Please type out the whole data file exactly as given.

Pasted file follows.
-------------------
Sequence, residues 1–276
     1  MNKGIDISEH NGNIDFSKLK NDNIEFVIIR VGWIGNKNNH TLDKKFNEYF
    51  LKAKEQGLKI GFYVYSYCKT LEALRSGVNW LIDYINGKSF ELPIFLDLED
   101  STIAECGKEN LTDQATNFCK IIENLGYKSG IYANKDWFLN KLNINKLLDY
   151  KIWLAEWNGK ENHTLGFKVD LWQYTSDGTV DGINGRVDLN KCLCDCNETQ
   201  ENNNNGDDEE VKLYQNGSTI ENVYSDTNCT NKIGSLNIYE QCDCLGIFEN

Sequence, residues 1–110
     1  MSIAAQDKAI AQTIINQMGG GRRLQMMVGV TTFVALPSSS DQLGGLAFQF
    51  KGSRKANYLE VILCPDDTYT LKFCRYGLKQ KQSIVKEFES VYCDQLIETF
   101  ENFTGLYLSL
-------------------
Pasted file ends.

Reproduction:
Sequence, residues 1–276
     1  MNKGIDISEH NGNIDFSKLK NDNIEFVIIR VGWIGNKNNH TLDKKFNEYF
    51  LKAKEQGLKI GFYVYSYCKT LEALRSGVNW LIDYINGKSF ELPIFLDLED
   101  STIAECGKEN LTDQATNFCK IIENLGYKSG IYANKDWFLN KLNINKLLDY
   151  KIWLAEWNGK ENHTLGFKVD LWQYTSDGTV DGINGRVDLN KCLCDCNETQ
   201  ENNNNGDDEE VKLYQNGSTI ENVYSDTNCT NKIGSLNIYE QCDCLGIFEN

Sequence, residues 1–110
     1  MSIAAQDKAI AQTIINQMGG GRRLQMMVGV TTFVALPSSS DQLGGLAFQF
    51  KGSRKANYLE VILCPDDTYT LKFCRYGLKQ KQSIVKEFES VYCDQLIETF
   101  ENFTGLYLSL